We're not, my peers at work and I, interchangeable; we have different skills sets, different strengths and weaknesses, different subsets of the equipment and facilities that we know well or poorly. Unlike ants, we can't leave an unambiguous scent trail for one another, either.
All of that is by way of explaining why, when my boss cc;'d me on some e-mail regarding some fairly complex work interfacing with an outside contractor at a site (the near-abandoned North Campus of our Skunk-Workings) I know very well, and was sending a tech who does not know it at all well, I suggested to him that I'd better go up there and at help our guy and the outside guy find what they need.
"Do you really think you need to go up there?"
"Well, the cables aren't marked and if they get into the wrong one, it will shut the whole place down."
"Oh, it's not that complicated...."
"No, it's very, very simple: there are single points of failure all through that system and freeing up a connection point will require identifying the ones that are no longer in use." (The ones a former middle manager told me it was "not an efficient use of time" for me to ID and remove!)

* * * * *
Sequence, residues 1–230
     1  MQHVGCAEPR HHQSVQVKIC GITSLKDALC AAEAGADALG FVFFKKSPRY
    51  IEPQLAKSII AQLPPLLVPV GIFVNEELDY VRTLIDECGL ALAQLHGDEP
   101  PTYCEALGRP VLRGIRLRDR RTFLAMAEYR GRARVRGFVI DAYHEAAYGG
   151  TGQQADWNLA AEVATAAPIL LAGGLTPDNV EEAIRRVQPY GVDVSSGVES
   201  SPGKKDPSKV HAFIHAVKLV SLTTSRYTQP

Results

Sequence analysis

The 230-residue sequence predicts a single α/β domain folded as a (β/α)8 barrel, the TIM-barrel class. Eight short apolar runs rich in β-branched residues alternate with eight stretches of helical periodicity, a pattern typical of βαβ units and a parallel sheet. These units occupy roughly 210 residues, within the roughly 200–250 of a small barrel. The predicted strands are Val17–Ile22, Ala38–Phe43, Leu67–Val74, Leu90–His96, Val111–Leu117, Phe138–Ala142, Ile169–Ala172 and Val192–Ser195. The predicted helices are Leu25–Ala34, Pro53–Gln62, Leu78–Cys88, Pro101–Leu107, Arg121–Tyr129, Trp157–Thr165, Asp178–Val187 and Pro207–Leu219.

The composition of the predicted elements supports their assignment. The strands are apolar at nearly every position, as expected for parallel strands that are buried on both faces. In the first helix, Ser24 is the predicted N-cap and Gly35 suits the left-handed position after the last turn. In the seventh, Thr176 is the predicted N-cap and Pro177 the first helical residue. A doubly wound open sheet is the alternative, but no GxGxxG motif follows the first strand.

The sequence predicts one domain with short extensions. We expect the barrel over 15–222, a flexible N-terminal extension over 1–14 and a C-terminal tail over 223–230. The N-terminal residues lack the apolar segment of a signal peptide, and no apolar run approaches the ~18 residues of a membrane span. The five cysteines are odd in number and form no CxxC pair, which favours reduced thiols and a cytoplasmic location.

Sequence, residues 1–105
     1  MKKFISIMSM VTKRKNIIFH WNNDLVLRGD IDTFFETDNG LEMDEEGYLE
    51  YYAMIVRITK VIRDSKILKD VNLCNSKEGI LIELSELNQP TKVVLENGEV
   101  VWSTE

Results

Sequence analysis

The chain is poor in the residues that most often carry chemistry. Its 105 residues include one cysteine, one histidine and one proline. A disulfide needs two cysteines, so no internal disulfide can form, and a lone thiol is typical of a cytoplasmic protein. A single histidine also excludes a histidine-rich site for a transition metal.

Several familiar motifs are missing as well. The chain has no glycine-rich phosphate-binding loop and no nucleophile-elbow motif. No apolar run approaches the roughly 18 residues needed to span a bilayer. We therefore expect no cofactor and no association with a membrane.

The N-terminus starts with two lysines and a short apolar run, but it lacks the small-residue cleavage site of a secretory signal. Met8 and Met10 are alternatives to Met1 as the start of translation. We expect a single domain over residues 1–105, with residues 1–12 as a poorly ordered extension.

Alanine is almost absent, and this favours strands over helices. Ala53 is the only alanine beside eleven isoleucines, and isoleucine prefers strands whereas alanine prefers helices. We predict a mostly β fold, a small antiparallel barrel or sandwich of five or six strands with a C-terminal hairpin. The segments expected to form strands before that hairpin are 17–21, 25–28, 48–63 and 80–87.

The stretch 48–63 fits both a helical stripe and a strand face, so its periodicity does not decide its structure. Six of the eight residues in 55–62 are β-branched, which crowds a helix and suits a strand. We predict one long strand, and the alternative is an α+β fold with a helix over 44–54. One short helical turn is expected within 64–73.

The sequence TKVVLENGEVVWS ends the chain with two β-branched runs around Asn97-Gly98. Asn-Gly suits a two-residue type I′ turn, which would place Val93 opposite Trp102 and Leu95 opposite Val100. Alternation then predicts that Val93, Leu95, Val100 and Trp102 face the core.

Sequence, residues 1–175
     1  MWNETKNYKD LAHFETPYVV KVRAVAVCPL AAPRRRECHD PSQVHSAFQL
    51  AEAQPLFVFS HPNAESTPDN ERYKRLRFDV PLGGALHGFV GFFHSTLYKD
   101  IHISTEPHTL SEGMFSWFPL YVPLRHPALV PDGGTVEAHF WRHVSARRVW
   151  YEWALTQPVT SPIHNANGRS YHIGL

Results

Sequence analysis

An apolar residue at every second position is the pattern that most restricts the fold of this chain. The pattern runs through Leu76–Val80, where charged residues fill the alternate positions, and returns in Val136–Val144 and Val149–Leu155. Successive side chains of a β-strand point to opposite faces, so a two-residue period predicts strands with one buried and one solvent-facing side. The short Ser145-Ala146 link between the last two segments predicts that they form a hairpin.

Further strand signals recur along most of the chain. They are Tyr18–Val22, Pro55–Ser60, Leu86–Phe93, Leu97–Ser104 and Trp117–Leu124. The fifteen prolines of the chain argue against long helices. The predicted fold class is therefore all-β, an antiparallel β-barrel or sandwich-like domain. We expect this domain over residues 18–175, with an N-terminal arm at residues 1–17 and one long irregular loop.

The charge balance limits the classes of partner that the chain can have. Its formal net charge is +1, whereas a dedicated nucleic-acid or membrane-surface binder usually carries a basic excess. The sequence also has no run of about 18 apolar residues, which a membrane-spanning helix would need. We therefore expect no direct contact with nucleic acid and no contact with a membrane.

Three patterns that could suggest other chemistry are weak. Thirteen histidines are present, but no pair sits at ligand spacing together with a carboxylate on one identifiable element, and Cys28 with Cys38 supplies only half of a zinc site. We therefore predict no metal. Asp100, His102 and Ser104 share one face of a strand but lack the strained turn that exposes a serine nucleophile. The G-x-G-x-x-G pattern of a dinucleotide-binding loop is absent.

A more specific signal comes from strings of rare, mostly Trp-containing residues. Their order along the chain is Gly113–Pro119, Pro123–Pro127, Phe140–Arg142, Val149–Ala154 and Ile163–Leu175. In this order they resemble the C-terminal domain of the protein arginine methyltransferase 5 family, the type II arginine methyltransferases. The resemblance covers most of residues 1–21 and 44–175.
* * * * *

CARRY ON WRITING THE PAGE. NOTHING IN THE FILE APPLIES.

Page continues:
Why do I bother? Some days I wonder if I should just let 'em shut the place down through refusal to recognize that in Engineering, we have specific areas of expertise and assigned responsibility. Decades ago, I was hired on to be the person-on-the-scene at the North Campus. The far more reliable equipment we use now has reduced the need to have someone there from 40 hours a week to almost zero -- but it didn't change the history of me having installed most of what's up there, nor has my responsibility for it ever been changed; I just never get time up there until something has either already failed or I can see a problem coming and try to head it off.
And I have to beg 'em to do that.
T. R. MCELROY'S STREAMLINED TELEGRAPH KEYS
1 year ago